Book Reviews -- By: Anonymous

Journal: Chafer Theological Seminary Journal
Volume: CTSJ 06:2 (Apr 2000)
Article: Book Reviews
Author: Anonymous


Book Reviews

The Purpose Driven Church: Growth Without Compromising Your Message & Mission. By Rick Warren. Grand Rapids, MI: Zondervan, 1995. 399 pp., $24.95. Reviewed by Dr. Stephen Lewis, Professor of Church History, Chafer Theological Seminary, Orange, CA.

Introduction

Many churches today are looking for a new model for church growth. This is Christendom’s version of keeping up with the Joneses. In the 50’s and 60’s it was church bus programs that said “if you want church growth, then get on the bus.” In the 70’s it was the introduction of church musicals designed to reach youth. In the 80’s it was the Willowcreek model of “giving the people what they want and they will flock to your doors.” Each of these has made a dent in the non-churched or pre-believer population and excited church members as well. What makes The Purpose Driven Church so interesting is that it encourages each church to discover its purpose, then, based upon that purpose, to market itself to the public:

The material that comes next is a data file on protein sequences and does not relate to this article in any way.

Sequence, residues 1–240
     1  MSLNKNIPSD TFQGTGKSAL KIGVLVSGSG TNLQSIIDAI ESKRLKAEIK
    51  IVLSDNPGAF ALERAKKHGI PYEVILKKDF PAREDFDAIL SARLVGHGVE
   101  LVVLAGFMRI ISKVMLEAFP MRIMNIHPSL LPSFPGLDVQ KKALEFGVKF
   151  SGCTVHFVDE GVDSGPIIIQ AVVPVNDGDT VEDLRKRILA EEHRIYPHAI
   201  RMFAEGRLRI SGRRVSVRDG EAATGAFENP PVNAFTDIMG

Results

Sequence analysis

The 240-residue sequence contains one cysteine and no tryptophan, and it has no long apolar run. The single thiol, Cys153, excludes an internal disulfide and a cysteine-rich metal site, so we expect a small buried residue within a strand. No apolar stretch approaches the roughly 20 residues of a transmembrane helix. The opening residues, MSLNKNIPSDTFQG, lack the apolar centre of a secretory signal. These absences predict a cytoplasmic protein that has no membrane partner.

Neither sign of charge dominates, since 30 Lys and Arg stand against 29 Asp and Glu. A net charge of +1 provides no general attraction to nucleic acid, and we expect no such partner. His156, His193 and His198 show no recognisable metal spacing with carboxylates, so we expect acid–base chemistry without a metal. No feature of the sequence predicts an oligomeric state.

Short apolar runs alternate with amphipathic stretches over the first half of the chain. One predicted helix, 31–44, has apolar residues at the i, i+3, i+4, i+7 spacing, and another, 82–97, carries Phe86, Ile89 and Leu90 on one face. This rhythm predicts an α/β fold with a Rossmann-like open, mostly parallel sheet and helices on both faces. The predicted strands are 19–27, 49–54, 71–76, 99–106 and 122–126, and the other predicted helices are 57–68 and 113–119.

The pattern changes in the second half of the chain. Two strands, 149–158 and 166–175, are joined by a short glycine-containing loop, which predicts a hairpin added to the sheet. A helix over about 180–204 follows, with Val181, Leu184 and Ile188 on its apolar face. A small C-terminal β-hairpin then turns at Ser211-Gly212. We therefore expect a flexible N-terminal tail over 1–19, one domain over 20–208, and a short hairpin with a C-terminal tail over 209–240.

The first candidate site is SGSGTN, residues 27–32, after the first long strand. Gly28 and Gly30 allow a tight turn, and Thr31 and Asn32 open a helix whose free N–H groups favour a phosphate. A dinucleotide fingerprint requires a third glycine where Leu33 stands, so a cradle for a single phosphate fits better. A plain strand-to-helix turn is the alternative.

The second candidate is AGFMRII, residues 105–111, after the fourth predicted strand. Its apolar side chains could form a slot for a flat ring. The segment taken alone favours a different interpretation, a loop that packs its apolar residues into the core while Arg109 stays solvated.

Our sanity and survival depended upon developing a workable process to turn seekers into saints, turn consumers into contributors, turn members into ministers, and turn an audience into an army. Believe me, it is an incredibly difficult task to lead people from self-centered consumerism to being servant-hearted Christians.1

In the face of such a post-modern dilemma, Rick Warren believes that desiring to discover what the Bible says (in general terms) about the purpose of the church is not sufficient. According to The Purpose Driven Church, what one needs is a

model custom-fitted to each local church formulated in accordance with both scripture and the specific circumstance of the local church.

Creating the Purpose Driven Church

Warren asserts that one of the following drives every church: tradition, personality, finances, programs, buildings, events, or seekers. Since nothing precedes purpose,2 he offers what he sees as the biblical alternative. When asked, “Why does the church exist?”3 89% of church-goers said, “The church’s purpose is to take care of my family’s and my needs.” Only 11% said, “The purpose of the church is to win the world for Jesus Christ.” Furthermore, if the pastor and congregation disagree on why the church exists, conflict on everything else is inevitable.4 The real solution to such misguided priorities and conflict is biblically-sound teaching, not a new program. <...

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